Why IT growth is only leading to more burnout, and what should be done about it

Nine in ten IT managers agree that companies with a high degree of automation have the most effective incident response.
Written by Joe McKendrick, Contributing Writer
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While information technology work -- development, engineering, administration, hand-holding -- is considered among the world's most preferable jobs, it is also a source of unending burnout. Major causes include excessive workloads, excessive hours worked, lack of recognition, and lack of challenges, explains Nick Kolakowski in a recent Dice report.

Let's look closer at those first two factors -- excessive workloads and hours. While there are many activities tech professionals need to pursue all at once, one thing that clogs their days up more than anything is the overwhelming number of glitches, outages, breaches, and other incidents that demand their attention. 

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When systems glitch, end users and customers can get extremely frustrated. They wonder: isn't anyone minding the store? The answer, of course, is there are IT teams minding the store. But they're getting just as frustrated as anyone else dealing with issues that arise. 

Business' leaders ought to be frustrated, too, because there's a real cost to their organizations as well. Incidents can cost large companies more than $100 million a year, according to a recent analysis and survey out of Constellation Research. "Even more eye-opening, 49% of those incidents are straightforward and repetitive, and can be automated away," the report's author, Andy Thurai of Constellation Research, observes. 

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More than half of 317 IT managers responding to the Constellation survey, 57%, indicate that they get more incidents than they can handle. "This is alarming, especially because the number of incidents is continuing to increase and incident response teams are already overwhelmed," according to Thurai. "Poor incident response experience with repetitive, manual toil can lead to employee attrition. In fact, it is cited as the top cause of employee attrition by many incident responders."

Add a lack of organizational support and awareness to the mix. "Leadership lacks visibility into top incidents, team toil, team burnout, and incident response costs," Thurai observes. "Continuing with older practices leads to too many alerts, creating alert fatigue."

While there are some robust tools and platforms on the market that help automate and alleviate this pain, the growth of cloud, analytics, and distributed systems has made incident response only more complex. "Incidents, both major and minor, are more frequent than expected," the survey shows. Plus, "the current way of responding to incidents is broken." 

There has been some progress in the five years since Constellation's previous survey on this topic. In both cases, more than one-third report more than five major incidents within the past 12 months with their production cloud infrastructures. (Thirty-four percent this year, down slightly from 38% five years ago.)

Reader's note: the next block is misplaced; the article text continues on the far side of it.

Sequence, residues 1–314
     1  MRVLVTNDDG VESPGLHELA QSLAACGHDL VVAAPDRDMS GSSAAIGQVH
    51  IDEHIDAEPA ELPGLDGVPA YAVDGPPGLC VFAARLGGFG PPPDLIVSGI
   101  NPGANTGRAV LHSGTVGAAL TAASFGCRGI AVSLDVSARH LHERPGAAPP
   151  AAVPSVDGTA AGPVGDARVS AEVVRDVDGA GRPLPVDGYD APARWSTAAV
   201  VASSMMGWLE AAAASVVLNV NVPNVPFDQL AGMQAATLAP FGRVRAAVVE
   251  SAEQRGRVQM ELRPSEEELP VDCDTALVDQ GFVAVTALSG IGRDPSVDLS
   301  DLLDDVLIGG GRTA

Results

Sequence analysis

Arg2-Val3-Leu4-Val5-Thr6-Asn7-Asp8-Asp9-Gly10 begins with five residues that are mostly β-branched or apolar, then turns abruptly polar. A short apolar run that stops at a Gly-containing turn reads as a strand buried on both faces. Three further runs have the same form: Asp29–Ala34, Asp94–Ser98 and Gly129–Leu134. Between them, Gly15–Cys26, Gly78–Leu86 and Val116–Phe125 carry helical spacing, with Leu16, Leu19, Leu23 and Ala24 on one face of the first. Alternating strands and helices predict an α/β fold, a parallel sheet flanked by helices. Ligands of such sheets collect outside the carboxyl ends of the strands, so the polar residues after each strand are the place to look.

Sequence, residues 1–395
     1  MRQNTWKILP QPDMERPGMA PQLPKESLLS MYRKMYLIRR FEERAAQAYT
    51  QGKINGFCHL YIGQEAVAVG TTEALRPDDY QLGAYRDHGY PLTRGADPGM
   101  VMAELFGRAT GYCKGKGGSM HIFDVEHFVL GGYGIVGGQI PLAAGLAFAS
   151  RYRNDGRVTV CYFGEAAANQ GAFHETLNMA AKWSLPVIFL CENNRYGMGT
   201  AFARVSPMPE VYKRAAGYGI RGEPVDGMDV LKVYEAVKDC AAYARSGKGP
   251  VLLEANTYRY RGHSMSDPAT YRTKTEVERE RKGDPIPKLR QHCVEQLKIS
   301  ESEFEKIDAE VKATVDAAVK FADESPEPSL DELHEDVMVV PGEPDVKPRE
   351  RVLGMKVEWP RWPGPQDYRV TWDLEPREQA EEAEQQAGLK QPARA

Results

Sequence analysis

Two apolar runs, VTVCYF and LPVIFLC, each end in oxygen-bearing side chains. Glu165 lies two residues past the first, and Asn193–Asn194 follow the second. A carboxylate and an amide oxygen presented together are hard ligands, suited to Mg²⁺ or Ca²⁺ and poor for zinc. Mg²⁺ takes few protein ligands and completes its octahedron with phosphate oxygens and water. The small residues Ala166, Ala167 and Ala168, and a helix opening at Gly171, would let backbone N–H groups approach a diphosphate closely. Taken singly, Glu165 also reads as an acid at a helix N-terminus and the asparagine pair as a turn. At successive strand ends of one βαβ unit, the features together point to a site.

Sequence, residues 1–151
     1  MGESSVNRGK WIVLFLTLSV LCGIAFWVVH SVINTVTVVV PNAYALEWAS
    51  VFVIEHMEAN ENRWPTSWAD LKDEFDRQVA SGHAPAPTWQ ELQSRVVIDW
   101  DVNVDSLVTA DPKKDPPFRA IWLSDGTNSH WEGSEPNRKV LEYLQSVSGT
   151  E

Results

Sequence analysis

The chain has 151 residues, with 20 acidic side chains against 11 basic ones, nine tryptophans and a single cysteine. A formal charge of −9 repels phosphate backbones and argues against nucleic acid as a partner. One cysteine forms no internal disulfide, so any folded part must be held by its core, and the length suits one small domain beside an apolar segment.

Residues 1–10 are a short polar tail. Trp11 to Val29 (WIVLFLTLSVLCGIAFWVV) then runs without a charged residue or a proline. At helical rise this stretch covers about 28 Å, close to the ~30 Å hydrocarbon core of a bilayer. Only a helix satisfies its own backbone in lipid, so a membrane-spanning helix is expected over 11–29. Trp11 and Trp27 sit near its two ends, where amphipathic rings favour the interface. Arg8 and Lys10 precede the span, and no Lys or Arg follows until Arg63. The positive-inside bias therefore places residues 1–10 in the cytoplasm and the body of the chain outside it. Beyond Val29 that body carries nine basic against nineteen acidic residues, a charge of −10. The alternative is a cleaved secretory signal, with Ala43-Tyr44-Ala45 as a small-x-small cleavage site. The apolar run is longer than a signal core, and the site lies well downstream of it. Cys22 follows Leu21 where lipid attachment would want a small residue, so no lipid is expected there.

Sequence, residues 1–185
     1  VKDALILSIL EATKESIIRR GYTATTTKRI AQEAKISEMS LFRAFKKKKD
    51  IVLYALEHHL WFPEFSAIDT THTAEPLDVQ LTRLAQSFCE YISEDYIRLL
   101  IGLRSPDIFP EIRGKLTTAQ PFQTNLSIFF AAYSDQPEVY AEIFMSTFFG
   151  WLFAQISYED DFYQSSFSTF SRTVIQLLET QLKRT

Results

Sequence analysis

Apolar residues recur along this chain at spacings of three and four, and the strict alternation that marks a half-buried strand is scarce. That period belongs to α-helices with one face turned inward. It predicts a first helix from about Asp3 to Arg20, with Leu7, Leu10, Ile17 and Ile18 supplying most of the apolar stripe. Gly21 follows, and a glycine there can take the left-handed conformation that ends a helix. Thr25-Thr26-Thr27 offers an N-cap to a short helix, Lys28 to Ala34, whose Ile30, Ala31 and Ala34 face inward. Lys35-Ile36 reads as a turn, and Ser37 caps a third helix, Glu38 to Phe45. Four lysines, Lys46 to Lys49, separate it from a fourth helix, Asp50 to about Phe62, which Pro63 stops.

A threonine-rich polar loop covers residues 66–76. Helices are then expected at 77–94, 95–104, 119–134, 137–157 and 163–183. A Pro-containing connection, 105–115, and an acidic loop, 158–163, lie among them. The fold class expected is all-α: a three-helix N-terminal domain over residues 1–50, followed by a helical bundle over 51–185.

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"In other words, companies have not reduced the rate of major incidents with their production cloud infrastructure," Thurai, points out. He cites rising rates of cloud adoption and newer applications in deployment, and the continued prevalence of manual processes to respond to IT incidents. Couple that with a shortage of skilled IT personnel, who are already overwhelmed with multiple demands.

IT managers are almost unanimous that something needs to be done, the Constellation survey shows. Nine in ten agree that companies with a high degree of automation have the most effective incident response. The same number state that "application downtime is a top cause of customer dissatisfaction and churn."

Some of the actions Thurai recommends to reduce burnout and alert fatigue include the following:

  • Automate as much as possible. This should ultimately include self-healing capabilities. "They can be pre- or post-automation remediation measures to avoid incidents."
  • Educate and train: Help IT staff become "more knowledgeable so they can solve incidents without escalating."
  • Get the business on board: "Every board member should be asking these questions of their IT executives: If a major incident happened to us, how would you manage it? Would we be able to handle it and prove to our customers that we are worthy of their trust, or would we botch it and cease to exist? If we are not prepared now, how can we get prepared? Ask for a plan of action and proof. Be willing to fund what's necessary to make this happen."
  • Take a team approach: Thurai advocates for the "automated creation of collaboration or war rooms," as well as the "immediate creation of conference or video call links associated with the incident to reduce the need for manual intervention and save valuable time during major incidents."

Just as important as these more direct actions to address incident fatigue is providing a rewarding, meaningful, and -- yes, I'll say it -- fun workplace atmosphere for all levels of professionals. It's time to recognize the hard work that goes into building digital businesses.

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